This can be nicely done on the regulator R by fii st coating it with a layer of soap to facilitate the removal of the tube when completed. Several layers of smooth writing-paper are wrapped around the regulator tube, until the outside diameter almost equals that of the brass cap B on the end of the core. Over the writing-paper wrap five or six layers of smooth manila wrapping-paper, giving each layer, except the last, a coating of thin glue. This is then allowed to thoroughly dry, then removed from the regulator, and the writing-paper lining taken out. It should then loosely fit the regulator, so that the latter can be easily removed. When the insulating tube is quite dry it will form a firm tube on which to wind the wire. Holes are now cut in the end pieces E and E' of a size to allow this tube to be inserted with a tight fit, and well glued to prevent it from working loose. The tube is then thickly coated with melted paraffin, laid on with a brush, the joints at the ends being given an extra quantity to insure complete insulation from the core.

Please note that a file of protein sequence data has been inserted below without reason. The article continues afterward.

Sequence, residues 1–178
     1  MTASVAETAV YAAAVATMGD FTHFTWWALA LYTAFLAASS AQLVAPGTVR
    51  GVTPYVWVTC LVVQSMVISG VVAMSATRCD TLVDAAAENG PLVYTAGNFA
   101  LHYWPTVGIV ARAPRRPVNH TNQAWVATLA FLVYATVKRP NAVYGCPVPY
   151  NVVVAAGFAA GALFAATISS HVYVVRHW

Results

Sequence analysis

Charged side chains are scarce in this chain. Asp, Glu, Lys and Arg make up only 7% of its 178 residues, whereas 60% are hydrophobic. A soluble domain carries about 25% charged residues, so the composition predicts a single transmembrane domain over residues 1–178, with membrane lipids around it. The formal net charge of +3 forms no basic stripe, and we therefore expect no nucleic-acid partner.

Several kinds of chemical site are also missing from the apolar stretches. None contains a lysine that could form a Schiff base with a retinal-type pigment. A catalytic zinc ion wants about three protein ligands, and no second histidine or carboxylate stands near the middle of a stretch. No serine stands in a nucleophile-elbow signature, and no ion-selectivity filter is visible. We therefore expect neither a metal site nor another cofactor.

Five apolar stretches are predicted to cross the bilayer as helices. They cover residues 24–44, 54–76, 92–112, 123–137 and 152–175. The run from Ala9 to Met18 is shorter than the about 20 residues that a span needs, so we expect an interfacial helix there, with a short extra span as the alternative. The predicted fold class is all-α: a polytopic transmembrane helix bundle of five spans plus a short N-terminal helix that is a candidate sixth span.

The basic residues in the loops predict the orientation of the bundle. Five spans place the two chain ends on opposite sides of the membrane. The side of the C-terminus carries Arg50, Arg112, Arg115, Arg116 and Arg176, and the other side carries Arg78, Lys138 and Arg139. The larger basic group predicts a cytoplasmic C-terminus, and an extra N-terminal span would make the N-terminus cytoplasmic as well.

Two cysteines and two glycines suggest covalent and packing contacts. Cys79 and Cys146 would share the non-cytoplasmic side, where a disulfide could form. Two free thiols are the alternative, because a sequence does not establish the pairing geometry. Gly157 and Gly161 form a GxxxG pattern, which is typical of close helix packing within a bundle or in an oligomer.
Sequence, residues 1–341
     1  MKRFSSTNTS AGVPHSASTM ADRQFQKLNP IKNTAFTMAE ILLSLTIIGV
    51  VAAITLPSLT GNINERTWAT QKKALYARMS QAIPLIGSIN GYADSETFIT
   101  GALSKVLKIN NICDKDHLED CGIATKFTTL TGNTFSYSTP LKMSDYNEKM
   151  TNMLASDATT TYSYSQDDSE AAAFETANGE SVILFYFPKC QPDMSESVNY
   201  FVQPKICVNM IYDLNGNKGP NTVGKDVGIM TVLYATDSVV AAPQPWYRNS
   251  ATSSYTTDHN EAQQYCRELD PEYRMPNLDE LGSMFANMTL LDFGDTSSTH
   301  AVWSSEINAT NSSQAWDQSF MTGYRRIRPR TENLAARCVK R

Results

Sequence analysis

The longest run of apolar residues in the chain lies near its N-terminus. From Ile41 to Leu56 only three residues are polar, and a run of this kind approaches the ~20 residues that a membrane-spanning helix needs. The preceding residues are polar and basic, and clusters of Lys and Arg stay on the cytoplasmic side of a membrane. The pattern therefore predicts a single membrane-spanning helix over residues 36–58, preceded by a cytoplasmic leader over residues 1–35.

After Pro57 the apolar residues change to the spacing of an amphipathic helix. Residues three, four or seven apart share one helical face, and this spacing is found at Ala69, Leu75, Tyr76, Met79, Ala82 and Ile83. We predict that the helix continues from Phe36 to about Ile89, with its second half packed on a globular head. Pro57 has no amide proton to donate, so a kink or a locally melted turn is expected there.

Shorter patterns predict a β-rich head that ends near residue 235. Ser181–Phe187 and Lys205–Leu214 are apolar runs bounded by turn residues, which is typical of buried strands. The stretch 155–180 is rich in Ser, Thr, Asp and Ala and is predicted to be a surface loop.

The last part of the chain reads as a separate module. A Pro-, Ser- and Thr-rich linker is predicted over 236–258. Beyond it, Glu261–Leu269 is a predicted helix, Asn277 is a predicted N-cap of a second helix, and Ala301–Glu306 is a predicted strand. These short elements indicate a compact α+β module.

During the intervals while the glue is drying, a winding frame, Fig. 2, can be made. The base A is a piece of wood 15" x 10" and 7/8" thick. The posts B and B' are 2" wide, 7/8" thick, and 97/8" long, allowing 7/8" for tenons to fit mortises in base A. The mortises for the posts are 11/2" x 7/8" and are placed in the center of the base, 1" from each end. One inch from the top of each post a 1/4" hole is bored ; in post B', clear through the post; in the other, leaving 1/4" of wood to prevent the winding rod from slipping through. In the post B' saw down from the top to each side of the hole, making a slot which allows the winding rod to be put in or taken out without having to adjust the work. About 27/8" from the bottom end of each post bore 1/4" holes for the rod C, upon which the wire feed spool is run. The rod D is 21" long, with two 3" turns on one end to form a crank. A small hole is bored in the upper part of the post II to receive a wire nail N, which holds down the winding rod. Two large thread spools are beveled off to form supports for the coil-frame, as shown at E.